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ARS Home » Midwest Area » West Lafayette, Indiana » Crop Production and Pest Control Research » Research » Publications at this Location » Publication #366118

Research Project: Molecular Characterization of Host-Insect Interactions in Cereal Crops

Location: Crop Production and Pest Control Research

Title: Phenotypic and molecular characterization of Hessian fly resistance in diploid wheat, Aegilops tauschii

Author
item Nemacheck, Jill
item Schemerhorn, Brandi
item Scofield, Steven - Steve
item Subramanyam, Subhashree

Submitted to: Biomed Central (BMC) Plant Biology
Publication Type: Peer Reviewed Journal
Publication Acceptance Date: 9/26/2019
Publication Date: 10/22/2019
Citation: Nemacheck, J.A., Schemerhorn, B.J., Scofield, S.R., Subramanyam, S.N. 2019. Phenotypic and molecular characterization of Hessian fly resistance in diploid wheat, Aegilops tauschii. Biomed Central (BMC) Plant Biology. 19:439. https://doi.org/10.1186/s12870-019-2058-6.
DOI: https://doi.org/10.1186/s12870-019-2058-6

Interpretive Summary: Hessian fly, is a devastating pest of modern-day bread wheat. Despite identification of several genes involved in wheat defense against Hessian fly, pinpointing their function/role is difficult. This is because bread wheat is a complex hexaploid that has three different genomes (A, B and D). This problem can be overcome by using less complex wheat genome such as the diploid wheat which (i) has only one genome (D); (ii) shares close relationship with modern-day bread wheat; and (iii) harbors useful defense response genes. In the current study, we screened five and identified two diploid wheat lines that are resistant to two Hessian fly biotypes and resemble the common bread wheat at the physical and molecular level. We demonstrate the usefulness of these diploid wheat lines as an alternate tool to study genes identified from modern-day bread wheat, and further our understanding of wheat defense against Hessian fly. This information will be useful for geneticists and plant breeders working to improve Hessian fly resistance in wheat.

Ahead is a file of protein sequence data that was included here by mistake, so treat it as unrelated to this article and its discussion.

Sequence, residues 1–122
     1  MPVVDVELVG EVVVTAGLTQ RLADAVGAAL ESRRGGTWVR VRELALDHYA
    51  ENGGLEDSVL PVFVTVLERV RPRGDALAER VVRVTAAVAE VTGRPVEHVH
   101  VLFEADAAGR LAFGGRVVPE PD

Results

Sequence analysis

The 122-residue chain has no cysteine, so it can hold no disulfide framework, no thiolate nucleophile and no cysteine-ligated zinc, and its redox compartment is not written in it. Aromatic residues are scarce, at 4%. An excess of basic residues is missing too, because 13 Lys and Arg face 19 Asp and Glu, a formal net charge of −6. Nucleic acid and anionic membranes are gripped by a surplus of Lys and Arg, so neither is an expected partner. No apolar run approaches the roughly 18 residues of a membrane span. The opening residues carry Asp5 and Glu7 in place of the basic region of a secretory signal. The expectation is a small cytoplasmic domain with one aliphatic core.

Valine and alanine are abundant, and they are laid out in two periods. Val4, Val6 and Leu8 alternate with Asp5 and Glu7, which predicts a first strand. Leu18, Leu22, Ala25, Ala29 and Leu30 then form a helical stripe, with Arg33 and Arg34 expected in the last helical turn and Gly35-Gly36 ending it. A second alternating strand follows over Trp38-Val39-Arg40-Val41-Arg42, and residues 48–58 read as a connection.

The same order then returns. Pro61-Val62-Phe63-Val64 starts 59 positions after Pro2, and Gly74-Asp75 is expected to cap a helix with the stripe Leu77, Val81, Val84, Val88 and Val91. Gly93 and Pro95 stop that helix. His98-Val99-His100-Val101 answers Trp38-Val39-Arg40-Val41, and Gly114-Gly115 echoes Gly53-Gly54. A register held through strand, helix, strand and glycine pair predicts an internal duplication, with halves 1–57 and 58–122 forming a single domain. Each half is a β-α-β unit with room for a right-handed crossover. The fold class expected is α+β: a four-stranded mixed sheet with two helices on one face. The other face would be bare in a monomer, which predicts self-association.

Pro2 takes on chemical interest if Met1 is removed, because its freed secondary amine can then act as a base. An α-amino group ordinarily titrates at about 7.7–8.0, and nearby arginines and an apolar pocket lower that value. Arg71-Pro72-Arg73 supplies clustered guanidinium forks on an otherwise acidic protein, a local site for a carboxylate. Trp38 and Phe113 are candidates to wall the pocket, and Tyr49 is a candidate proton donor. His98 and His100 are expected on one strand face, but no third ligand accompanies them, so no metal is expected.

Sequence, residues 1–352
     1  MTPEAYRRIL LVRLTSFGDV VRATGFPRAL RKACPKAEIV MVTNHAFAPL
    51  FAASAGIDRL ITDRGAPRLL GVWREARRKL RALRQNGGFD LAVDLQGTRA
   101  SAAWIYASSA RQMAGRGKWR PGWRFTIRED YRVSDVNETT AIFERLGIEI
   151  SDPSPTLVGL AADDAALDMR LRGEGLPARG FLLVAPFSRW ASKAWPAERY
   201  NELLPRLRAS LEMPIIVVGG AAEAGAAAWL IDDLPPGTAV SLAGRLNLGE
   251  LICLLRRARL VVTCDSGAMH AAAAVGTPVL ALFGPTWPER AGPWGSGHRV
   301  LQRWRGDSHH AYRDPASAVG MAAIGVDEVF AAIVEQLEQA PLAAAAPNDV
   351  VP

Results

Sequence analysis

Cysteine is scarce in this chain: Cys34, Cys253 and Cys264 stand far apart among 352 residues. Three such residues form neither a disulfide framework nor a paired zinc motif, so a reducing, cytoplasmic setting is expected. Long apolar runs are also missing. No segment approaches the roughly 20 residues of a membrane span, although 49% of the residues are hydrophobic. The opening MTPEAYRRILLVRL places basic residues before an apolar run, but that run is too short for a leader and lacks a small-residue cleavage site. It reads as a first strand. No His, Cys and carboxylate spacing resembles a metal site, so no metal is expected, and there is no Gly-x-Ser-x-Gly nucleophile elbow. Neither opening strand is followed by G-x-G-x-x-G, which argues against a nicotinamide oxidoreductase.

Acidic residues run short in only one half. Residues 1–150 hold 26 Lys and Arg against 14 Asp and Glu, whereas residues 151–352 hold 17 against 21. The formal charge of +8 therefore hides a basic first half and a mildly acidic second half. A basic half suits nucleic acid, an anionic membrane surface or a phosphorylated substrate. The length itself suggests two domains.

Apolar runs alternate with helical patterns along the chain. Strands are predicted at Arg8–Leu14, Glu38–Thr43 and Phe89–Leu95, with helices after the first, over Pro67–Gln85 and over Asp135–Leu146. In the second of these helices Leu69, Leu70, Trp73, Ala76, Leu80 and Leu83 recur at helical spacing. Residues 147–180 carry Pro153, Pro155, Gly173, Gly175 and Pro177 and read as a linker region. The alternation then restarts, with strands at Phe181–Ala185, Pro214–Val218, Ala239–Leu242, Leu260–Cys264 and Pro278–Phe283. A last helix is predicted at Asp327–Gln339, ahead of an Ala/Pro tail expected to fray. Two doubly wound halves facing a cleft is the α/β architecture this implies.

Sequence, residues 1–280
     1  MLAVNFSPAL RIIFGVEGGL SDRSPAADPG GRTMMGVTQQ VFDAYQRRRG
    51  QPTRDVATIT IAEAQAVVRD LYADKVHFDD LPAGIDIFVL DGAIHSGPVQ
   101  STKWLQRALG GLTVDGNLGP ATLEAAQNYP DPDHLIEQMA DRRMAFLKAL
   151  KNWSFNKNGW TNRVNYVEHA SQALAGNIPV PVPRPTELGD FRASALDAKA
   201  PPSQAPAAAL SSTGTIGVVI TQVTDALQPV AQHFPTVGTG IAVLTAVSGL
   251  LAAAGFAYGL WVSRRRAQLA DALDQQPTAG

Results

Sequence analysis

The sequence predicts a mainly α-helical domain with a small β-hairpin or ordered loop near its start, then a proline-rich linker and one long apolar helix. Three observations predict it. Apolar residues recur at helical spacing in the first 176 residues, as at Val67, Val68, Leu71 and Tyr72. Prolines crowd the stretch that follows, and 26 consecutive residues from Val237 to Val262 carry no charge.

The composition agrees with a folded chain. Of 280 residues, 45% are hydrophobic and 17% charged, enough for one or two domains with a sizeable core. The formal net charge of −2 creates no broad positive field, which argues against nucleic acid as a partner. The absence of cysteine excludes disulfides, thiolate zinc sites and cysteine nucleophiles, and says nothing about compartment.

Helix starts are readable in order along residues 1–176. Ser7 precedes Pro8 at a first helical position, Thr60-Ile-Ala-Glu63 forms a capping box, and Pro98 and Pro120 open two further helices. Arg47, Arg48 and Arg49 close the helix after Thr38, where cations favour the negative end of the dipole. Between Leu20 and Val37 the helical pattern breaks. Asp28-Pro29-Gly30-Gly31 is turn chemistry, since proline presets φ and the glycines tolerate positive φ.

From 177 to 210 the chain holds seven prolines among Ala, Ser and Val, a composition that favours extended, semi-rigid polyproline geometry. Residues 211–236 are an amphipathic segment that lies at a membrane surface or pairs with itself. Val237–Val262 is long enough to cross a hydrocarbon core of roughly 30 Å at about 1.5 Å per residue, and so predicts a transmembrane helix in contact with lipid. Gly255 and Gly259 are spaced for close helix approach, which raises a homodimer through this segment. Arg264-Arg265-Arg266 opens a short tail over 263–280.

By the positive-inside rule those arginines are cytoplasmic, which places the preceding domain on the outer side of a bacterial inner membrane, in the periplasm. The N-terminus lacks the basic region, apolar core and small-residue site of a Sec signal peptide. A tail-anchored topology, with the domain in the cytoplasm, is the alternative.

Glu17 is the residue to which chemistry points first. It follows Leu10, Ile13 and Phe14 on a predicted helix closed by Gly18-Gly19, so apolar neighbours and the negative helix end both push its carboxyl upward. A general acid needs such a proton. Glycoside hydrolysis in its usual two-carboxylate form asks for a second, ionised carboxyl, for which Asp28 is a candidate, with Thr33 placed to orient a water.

Technical Abstract: The Hessian fly (Mayetiola destructor), belonging to the gall midge family (Cecidomyiidae), is a devastating pest of wheat (Triticum aestivum) causing significant yield losses. Despite identification and characterization of numerous Hessian fly-responsive genes and associated biological pathways involved in wheat defense against this dipteran pest, their functional validation has been challenging. This is largely attributed to the large genome, polyploidy, repetitive DNA, and limited genetic resources in hexaploid wheat. The diploid progenitor Aegilops tauschii, D-genome donor of modern-day hexaploid wheat, offers an ideal surrogate eliminating the need to target all three homeologous chromosomes (A, B and D) individually, and thereby making the functional validation of candidate Hessian fly-responsive genes plausible. Furthermore, the well-annotated sequence of Ae. tauschii genome and availability of genetic resources amenable to manipulations makes the functional assays less tedious and time-consuming. However, prior to utilization of this diploid genome for downstream studies, it is imperative to characterize its physical and molecular responses to Hessian fly. In this study we screened five Ae. tauschii accessions and identified two that exhibited a homozygous resistance response to feeding by both vH13 and biotype L Hessian fly larvae. The resistant diploid wheat accessions resembled hexaploid wheat in their phenotypic responses, including larval developmental stages, leaf and plant growth, and cell wall permeability, to Hessian fly. Furthermore, molecular responses in select resistant diploid wheat lines shared similarities with resistant hexaploid wheat. Physical and molecular characterization of Ae. tauschii to Hessian fly infestation revealed resistant accessions that shared similarities to hexaploid wheat. Resembling the resistant hexaploid wheat, the diploid accessions mount an early defense strategy involving defense proteins including lectins, secondary metabolites and ROS radicals. Our results reveal the suitability of the diploid progenitor for use as an ideal tool for functional genomics research in deciphering the wheat-Hessian fly molecular interactions.